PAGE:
You Get Involved In Office Politics
Office politics can be incredibly messy, and if you get involved, you shouldn’t be surprised if things turn nasty for you. The danger with joining in this struggle for power and influence in the office is it is going to mean you make enemies. These ongoing-battles in the workplace are usually over trivial stuff but they can lead to a bad atmosphere that can last years.
If you want to improve your relationship with work colleagues, you need to avoid getting involved in office politics. These people are going to try to get you to join one side or the other but you need to be able to rise above it. It just isn’t worth causing bad feelings unless the issue is really important to you. The most popular person in the office is usually the one that always manages to stay out of the gossiping and bickering.
You Are Not A Team Player
If you don’t make an effort to fit in with the team, you may be viewed as a threat to it. Other people are going to become resentful if they feel they need to work harder to make up for your deficiencies.
It is also going to cause annoyance if you try to grab the glory for something that was a team effort. Some of us do work better alone, but if your job requires you to be involved in teamwork, you need to do what is expected to fit in.
You Don’t Make An Effort To Socialize
It is understandable that many of us like to keep our social life and our work life separate. The problem is that if you don’t make an effort to socialize with work colleagues, it is going to be harder to form close bonds with them – you may also develop a reputation for being a bit stuck-up.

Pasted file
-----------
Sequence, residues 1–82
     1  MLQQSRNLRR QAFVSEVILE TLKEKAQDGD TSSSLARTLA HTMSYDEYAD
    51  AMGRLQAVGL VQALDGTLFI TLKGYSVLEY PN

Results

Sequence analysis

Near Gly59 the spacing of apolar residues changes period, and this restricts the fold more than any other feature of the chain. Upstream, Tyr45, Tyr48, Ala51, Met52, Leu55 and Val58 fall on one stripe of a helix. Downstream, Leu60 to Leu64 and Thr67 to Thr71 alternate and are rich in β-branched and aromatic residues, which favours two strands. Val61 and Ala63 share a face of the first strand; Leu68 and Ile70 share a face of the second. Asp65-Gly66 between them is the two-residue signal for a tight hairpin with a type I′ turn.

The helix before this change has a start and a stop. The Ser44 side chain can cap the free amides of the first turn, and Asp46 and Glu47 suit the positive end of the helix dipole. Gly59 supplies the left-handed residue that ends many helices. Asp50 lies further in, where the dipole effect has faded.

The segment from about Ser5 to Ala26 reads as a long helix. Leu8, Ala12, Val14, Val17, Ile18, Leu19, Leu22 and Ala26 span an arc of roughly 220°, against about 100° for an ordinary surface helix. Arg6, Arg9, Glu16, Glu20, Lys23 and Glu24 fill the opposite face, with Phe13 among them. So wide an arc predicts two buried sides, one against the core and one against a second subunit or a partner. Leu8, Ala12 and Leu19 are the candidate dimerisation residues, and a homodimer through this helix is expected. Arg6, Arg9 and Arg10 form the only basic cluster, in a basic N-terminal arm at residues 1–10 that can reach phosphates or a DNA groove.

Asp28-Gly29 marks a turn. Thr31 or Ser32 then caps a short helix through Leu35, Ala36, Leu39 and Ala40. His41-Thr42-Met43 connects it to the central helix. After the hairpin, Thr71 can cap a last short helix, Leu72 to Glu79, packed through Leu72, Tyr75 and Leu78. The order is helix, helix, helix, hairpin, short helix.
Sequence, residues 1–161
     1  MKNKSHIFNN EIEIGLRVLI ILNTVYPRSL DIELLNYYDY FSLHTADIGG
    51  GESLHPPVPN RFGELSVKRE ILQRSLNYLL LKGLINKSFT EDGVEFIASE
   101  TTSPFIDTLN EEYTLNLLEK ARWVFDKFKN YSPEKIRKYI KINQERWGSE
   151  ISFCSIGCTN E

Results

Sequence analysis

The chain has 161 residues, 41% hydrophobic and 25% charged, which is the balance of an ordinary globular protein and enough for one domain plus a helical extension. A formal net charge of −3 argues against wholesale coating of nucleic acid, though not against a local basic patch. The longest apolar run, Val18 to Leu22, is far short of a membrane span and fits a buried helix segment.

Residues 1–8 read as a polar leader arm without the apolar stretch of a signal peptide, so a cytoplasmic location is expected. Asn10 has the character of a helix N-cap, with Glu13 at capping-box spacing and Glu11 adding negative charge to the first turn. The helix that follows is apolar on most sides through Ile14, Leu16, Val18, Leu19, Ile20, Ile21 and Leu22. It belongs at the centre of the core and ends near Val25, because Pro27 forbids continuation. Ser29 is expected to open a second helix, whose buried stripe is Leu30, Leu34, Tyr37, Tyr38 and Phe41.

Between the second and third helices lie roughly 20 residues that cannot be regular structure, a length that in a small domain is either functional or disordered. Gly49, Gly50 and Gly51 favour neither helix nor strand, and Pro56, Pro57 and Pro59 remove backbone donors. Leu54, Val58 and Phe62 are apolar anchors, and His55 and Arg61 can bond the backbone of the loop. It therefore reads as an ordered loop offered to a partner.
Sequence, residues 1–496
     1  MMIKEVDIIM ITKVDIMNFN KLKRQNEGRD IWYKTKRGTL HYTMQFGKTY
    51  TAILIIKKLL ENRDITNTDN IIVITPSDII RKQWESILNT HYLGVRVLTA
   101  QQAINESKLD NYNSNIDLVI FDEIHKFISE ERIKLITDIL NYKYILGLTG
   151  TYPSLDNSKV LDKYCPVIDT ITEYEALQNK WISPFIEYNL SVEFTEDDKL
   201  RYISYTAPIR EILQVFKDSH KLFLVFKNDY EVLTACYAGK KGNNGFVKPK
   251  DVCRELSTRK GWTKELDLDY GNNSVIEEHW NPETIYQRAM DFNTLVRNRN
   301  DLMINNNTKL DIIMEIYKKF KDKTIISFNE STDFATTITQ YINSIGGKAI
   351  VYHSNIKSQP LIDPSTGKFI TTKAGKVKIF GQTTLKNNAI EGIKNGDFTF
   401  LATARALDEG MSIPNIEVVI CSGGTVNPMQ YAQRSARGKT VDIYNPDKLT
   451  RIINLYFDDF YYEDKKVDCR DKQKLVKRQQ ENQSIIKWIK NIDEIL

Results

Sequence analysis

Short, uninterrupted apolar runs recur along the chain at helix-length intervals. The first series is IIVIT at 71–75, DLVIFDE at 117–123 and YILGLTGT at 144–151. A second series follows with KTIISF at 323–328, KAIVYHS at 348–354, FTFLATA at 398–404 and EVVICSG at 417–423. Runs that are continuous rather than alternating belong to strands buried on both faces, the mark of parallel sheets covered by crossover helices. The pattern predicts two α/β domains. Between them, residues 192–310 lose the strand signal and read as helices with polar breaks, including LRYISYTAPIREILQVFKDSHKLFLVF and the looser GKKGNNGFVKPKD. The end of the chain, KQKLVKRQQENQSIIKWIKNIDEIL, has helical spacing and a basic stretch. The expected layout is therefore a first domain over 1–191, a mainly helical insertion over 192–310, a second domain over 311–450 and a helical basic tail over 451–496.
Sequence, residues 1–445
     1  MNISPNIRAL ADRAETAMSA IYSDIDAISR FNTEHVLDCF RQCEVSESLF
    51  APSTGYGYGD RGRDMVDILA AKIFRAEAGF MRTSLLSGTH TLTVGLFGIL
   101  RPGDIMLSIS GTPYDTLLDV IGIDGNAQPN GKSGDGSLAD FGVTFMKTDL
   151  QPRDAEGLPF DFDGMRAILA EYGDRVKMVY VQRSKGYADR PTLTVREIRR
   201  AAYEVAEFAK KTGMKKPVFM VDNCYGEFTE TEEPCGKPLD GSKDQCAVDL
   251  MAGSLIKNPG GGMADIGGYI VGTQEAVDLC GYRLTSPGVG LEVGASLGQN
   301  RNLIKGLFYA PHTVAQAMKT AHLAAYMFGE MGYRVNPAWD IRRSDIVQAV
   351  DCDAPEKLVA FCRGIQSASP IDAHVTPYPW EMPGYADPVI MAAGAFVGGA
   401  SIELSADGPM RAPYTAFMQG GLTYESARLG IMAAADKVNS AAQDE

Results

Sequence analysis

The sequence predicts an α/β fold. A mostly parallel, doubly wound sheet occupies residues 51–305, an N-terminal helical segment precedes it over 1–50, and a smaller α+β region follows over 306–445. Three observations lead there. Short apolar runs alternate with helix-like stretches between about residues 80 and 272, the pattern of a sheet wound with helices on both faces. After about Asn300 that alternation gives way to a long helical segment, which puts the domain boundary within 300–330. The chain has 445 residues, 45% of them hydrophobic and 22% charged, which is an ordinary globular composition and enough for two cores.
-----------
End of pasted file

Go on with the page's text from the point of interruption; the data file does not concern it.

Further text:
You don’t have to go out with people at the office all the time but even doing it a couple of times a year can improve your relationships with these people.
You Created A Bad First Impression
Once work colleagues decide they don’t like you, it can take a lot to get these people to change their mind. This negative assessment may have been made on your first day, but it is continuing to impact interactions in the office. One thing you could try to do to recover from a bad first impression is to joke about how nervous you were during your first days as a new employee. A bit of self-deprecating humor can be an effective way to explain your side of things without appearing overly-offensive. The fact that you are having this conversation in a lighthearted way also means your colleagues may feel more comfortable about admitting to any harsh judgments they have made about you.
Make an appearance
Even if you hate socializing, showing up once in a while can go a long way, points out career coach Sarah Stamboulie. “Even if you’re awkward, people will be nice, because at least you’re trying,” she says.
Never one to come forward with an idea or offer to pick up the extra work. You coast by, letting others take the reins. Last in, first out! It’s never your job, always someone else’s. Everybody dreads getting stuck with you on joint projects. Beware the wrath of the person who gets stuck doing what you should be doing.
You Are The Victim Of Malicious Gossip
Rumors spread around offices like a virus, and they can be started because of a misunderstanding, or even just because somebody just wants to make life difficult for you. This can be one of the hardest barriers to healthy office relationships because you may be completely unaware of the content of the gossip. If you work in an environment where there is excessive gossip, you might want to avoid sharing personal information. If there is one person who is responsible for the gossip, you may need to confront them about if – in the worst case scenario, you may have no choice but to complain to your superiors.
You steal credit
I once worked with someone who would tell our superiors, “we” came up with an idea, when it was actually my idea, or, even worse, outright claim the idea was hers. RIGHT IN FRONT OF ME. I never figured out if she was deluded or crafty, at which she was weirdly successful because I would have looked like a child correcting her so she got away with it.